The resulting image is intriguing. The structure resembles a horseshoe stacked on a doughnut (Fig. 1), with the doughnut corresponding to the clamp, PCNA, and the horseshoe to the clamp loader, RFC. It seems as though the large subunit of RFC contacts one subunit of PCNA, and two or three of the RFC small subunits contact the remaining two PCNA subunits. DNA passes through the PCNA ring and emerges through the open channel in the horseshoe of RFC. Thus, this structure presumably corresponds to the loaded complex, just before PCNA binds DNA polymerase.

Figure 1: Clamping down on DNA.

The new papers2,3 describe the structures of the yeast2 and archaeal3 clamp–clamp-loader complexes; the similarities and differences are depicted here. The sliding clamp, PCNA, is in grey. The clamp loader, RFC, is shown as a series of coloured ovals, with the large subunit in yellow and the small subunits in blue. The yeast small subunits have distinct but related sequences (indicated by graded colours); the archaeal small subunits are identical. The predicted path of DNA through the complex is also shown, with the template strand in black and the new strand in red.

Meanwhile, Bowman et al.2 describe a stunning, high-resolution atomic structure of yeast RFC in complex with PCNA, again in the presence of a poorly hydrolysable ATP analogue. In this case, DNA was not present in the crystallized complex itself but was incorporated in the three-dimensional reconstruction. As in the archaeal image, RFC sits on top of PCNA, with the large subunit contacting one PCNA subunit. But there are some important differences in the interactions of the RFC small subunits. Most significantly, instead of lying flat on PCNA, contacting the remaining two PCNA subunits, the RFC small subunits spiral up and away from the plane of the PCNA ring and contact only one further PCNA subunit (Fig. 1). Remarkably, the pitch of the spiral produced by RFC matches the geometry of the DNA double helix, and the authors present a persuasive model for how the subunits might contact the DNA so as to direct loading.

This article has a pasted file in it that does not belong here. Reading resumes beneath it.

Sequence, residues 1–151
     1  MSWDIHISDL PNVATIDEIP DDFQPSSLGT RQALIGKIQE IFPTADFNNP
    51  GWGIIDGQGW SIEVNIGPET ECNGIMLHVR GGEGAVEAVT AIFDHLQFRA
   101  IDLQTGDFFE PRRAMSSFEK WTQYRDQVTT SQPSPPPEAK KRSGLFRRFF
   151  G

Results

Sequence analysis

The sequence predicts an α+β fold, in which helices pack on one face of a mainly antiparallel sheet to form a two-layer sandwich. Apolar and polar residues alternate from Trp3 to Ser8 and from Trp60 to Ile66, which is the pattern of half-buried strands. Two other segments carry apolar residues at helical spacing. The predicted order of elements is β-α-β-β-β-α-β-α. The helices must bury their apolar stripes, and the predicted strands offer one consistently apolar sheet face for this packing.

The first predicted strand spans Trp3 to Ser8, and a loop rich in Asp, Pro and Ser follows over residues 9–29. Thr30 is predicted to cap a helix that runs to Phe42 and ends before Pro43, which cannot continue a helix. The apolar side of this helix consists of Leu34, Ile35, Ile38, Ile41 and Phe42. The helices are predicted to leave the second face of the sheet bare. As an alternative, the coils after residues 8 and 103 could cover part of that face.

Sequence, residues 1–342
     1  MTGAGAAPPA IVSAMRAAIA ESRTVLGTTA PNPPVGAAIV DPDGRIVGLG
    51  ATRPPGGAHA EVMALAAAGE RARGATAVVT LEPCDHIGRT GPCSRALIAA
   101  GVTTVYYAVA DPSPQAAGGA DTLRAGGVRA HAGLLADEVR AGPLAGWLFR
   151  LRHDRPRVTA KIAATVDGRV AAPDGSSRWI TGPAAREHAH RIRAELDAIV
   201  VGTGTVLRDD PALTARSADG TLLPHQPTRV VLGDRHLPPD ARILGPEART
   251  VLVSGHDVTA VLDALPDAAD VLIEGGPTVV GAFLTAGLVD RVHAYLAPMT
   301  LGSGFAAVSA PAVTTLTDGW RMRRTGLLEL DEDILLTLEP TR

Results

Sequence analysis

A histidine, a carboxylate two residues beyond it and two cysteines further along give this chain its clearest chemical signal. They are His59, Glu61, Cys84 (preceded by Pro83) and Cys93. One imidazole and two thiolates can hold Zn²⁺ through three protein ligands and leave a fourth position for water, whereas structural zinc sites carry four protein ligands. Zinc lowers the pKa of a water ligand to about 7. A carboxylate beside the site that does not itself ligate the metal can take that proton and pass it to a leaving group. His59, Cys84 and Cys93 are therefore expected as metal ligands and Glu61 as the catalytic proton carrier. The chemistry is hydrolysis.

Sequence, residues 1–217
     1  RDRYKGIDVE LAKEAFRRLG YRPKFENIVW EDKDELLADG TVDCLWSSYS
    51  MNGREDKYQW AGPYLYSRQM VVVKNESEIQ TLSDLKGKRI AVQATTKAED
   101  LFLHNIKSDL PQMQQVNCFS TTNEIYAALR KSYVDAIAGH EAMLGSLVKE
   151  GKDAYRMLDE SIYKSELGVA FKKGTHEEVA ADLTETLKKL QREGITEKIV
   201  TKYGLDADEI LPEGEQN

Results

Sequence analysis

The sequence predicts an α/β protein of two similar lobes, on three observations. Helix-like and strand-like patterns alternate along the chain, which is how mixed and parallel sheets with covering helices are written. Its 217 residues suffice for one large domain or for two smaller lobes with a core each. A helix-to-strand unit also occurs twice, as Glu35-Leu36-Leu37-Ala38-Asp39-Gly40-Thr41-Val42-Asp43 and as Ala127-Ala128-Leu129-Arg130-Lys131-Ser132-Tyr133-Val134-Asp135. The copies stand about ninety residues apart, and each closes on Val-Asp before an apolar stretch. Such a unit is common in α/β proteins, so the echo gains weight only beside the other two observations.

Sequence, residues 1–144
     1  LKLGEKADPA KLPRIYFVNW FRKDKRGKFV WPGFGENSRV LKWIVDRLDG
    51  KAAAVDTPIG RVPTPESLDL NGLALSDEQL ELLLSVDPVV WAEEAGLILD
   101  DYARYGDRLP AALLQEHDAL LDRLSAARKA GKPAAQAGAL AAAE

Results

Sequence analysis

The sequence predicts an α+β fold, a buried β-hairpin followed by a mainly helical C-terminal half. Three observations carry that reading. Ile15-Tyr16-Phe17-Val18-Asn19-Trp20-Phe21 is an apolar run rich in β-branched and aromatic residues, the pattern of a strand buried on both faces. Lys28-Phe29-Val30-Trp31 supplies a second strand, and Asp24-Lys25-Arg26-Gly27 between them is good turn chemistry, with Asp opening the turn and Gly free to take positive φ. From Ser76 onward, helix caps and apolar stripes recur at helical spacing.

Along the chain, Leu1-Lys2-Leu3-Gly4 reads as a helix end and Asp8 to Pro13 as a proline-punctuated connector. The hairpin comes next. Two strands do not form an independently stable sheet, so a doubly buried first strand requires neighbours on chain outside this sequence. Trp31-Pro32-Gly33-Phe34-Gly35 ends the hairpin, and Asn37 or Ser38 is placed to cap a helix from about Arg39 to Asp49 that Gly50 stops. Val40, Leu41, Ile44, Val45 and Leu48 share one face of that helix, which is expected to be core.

So why is there this difference? Setting aside trivial explanations of species differences or methods of sample preparation, could it be that these two complexes represent distinct stages in the clamp-loading process? Might the archaeal structure represent the initial complex and the yeast one a later stage? If so, might the differences arise by virtue of an isomerization of RFC that occurs before ATP is hydrolysed and PCNA is handed over to DNA polymerase? And could the fact that one subunit of PCNA is exposed in the yeast structure therefore be indicative of the route that the DNA polymerase takes to access the ring? Finally, it remains to be seen how RFC actually opens the PCNA ring. Might the spiral of RFC subunits indicate that this clamp loader pries PCNA open by pulling a subunit or subunits out of the plane of the ring, popping it open like a lock washer? Or does RFC wrench PCNA open within the plane of the ring, creating a horseshoe structure that mirrors its own?

These structures provide exciting snapshots of the manner in which RFC and PCNA interact. Although small differences have been identified, conserved themes in this essential reaction are coming to the fore. With continuing efforts to study other stages of clamp loading, a full molecular view of the process seems to be on the horizon.


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Trakselis, M., Bell, S. The loader of the rings. Nature 429, 708–709 (2004).